‘She robbed me of experiences,’ says Winnipeg man suing teacher over past sexual relationship

A Winnipeg man has filed a lawsuit and a police complaint against his former high school English teacher for engaging in a sexual relationship with him that started when he was 15 years old.

The man, now 22, says he suffered emotionally and turned to alcohol and drugs. The lawsuit alleges what happened was sexual abuse, sexual exploitation and sexual assault, and seeks more than $400,000 in damages.

He and the teacher broke the relationship off when he was 16 but reignited it and made it public when he turned 18, raising concern among his family and friends.

“As I’m maturing, I’m starting to realize that I was a victim,” he said in an interview with CBC. “What she did was wrong, and she should pay the consequences for it.”

CBC News is not naming the teacher or the school because of a court order protecting the man’s identity.

He filed the lawsuit in February 2021 against the teacher and the Seine River School Division, which employed her. He went to Winnipeg police in April.

The lawsuit alleges other teachers and administration at the school were aware of the teacher’s “illicit interactions and overboard attention” toward the student, but nothing was done to “curb or prohibit” the relationship.

As part of the police investigation, a court ordered the school division to turn over the teacher’s employment records, the student’s report cards and documents related to a investigation by the division into the matter to police.

Police records filed in court say the division’s 2018 investigation ended with the teacher resigning from her job that year.

As of this year, she was teaching at a different school elsewhere in Manitoba, court records say.

Invited to teacher’s home, student says

The former student says the relationship with his Grade 10 English teacher began with flirting in class.

Walking home from a class one day, he ran into the teacher, who happened to be driving by, he says. She invited him over to her home, where they started “making out.”

Later, she picked him up again after school around the same area, he says. 

“[It was] kind of like a place we decided. I didn’t have her phone number at the time.… We went to her house and then we had sex that day,” he said.

I just looked at her … like a girlfriend, so I didn’t think anything of it.”

He says the teacher, who was 15 years his senior, told him not to say anything or they would both get in trouble, so he kept quiet.

At some point, don’t you think you’d ask yourself, ‘what the hell is this kid doing here?’… It was in plain sight.– Former student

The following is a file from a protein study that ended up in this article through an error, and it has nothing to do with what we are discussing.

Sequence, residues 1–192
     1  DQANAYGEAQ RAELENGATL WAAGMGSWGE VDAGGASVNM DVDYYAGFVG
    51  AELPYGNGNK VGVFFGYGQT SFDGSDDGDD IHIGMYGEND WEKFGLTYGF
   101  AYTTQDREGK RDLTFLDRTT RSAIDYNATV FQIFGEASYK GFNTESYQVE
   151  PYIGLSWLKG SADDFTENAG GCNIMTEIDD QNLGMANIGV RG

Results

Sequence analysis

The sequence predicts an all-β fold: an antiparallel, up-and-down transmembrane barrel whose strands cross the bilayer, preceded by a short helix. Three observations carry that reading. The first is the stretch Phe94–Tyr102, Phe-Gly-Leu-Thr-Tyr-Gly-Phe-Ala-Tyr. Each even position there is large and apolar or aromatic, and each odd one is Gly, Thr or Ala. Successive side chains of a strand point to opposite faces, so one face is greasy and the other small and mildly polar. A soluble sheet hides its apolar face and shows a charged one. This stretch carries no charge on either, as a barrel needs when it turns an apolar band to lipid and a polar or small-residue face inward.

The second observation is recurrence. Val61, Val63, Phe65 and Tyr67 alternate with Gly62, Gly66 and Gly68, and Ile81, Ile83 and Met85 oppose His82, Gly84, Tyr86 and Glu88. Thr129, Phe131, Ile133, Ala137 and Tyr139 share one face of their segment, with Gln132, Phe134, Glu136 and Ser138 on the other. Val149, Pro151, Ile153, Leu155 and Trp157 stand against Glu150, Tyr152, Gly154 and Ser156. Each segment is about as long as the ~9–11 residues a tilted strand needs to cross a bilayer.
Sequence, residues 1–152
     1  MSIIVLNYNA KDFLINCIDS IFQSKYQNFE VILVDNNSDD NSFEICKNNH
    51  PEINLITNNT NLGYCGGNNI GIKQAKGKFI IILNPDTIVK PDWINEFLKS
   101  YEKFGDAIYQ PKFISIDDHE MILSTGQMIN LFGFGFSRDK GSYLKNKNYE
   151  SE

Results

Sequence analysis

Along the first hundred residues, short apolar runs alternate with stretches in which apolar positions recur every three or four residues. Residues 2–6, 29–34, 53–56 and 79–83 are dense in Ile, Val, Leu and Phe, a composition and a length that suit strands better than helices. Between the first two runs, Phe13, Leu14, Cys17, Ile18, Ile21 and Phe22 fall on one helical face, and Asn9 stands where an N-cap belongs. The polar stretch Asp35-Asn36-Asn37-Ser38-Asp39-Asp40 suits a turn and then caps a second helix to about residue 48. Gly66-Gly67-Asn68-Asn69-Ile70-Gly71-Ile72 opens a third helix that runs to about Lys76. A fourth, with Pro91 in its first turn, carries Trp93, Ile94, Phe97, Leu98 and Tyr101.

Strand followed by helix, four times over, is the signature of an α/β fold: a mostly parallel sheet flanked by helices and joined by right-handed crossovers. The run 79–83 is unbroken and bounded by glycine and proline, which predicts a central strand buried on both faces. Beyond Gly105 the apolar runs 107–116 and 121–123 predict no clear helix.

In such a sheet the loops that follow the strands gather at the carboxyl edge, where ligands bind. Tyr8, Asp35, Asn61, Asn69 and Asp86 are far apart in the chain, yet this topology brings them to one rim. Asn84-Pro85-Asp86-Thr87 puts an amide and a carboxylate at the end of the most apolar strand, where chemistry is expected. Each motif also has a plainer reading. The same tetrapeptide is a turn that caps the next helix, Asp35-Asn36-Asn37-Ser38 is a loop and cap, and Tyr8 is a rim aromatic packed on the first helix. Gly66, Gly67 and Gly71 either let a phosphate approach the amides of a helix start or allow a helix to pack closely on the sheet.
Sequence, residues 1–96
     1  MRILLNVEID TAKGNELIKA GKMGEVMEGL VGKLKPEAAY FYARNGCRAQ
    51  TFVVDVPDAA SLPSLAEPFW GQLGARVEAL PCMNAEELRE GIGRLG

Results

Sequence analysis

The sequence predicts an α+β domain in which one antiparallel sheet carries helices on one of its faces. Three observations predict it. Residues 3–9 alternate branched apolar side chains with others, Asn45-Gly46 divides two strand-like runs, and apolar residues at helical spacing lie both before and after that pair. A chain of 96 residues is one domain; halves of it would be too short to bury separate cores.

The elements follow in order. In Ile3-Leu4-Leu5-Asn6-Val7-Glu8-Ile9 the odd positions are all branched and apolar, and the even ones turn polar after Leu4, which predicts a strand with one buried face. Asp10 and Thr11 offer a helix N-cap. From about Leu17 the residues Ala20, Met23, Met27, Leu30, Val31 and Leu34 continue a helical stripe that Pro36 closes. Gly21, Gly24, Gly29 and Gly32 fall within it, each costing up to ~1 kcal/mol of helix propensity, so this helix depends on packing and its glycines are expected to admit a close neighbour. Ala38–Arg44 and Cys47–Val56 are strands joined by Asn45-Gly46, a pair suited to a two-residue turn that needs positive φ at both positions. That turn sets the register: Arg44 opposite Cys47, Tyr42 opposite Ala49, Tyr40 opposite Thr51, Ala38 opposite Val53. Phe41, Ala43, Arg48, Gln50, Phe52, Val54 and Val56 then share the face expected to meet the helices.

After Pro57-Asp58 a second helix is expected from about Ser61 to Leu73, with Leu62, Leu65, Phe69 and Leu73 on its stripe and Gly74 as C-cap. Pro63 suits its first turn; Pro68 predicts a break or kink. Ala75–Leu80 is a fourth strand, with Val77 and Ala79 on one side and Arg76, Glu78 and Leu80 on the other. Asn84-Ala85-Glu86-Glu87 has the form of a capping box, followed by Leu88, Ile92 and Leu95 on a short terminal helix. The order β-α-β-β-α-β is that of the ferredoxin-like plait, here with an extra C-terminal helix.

He wonders why no one one said anything at the time.

“I was talking to her in the hallways — before school, after school. Janitors would see me,” he said.

“At some point, don’t you think you’d ask yourself, ‘what the hell is this kid doing here? Why is he always talking to her, latched onto her like a little dog on a leash?’ Like, it was in plain sight.”

The man’s lawsuit alleges other teachers and administration at the school were aware of the teacher’s ‘illicit interactions and overboard attention’ toward the student, but nothing was done to stop it. (Warren Kay/CBC)

He believes it would be a different story with a female student and a male teacher.

“They look at me like, ‘Oh, it’s just a little boy crush. That’s cute.… Laugh it off.’

“But if it was a girl doing that to the older man … I don’t think they would be laughing or thinking it’s a joke.”

He says they initially broke the relationship off because he was worried about getting caught, but that he struggled with depression and substance addiction for two years after because of it.

“She just made me feel guilty, depressed, anxious,” he said.

“I felt like she was the victim and I was doing her wrong.… She manipulated me that way.”

She would include notes to him with his homework when she returned it, he says.

“I’d open it. My heart would drop.”

The man says the day he turned 18, he asked the teacher on a date and they went public with their relationship.

“I thought being 18, it would be OK — like, socially acceptable. And then as a couple of months went on, I started to notice it wasn’t socially acceptable and that our relationship was based all off of sex and nothing else,” he said.

After four months, he ended the relationship for good.

“I didn’t think it was truly wrong until I was … almost 20 years old. That’s when I started to do the mental switch of, like, ‘that was not OK.’ So it took a long time.”

Division ‘not responsible’: statement of defence

Seine River School Division’s administration and its lawyer, Bernice Bowley, declined to discuss the case while it’s before the court.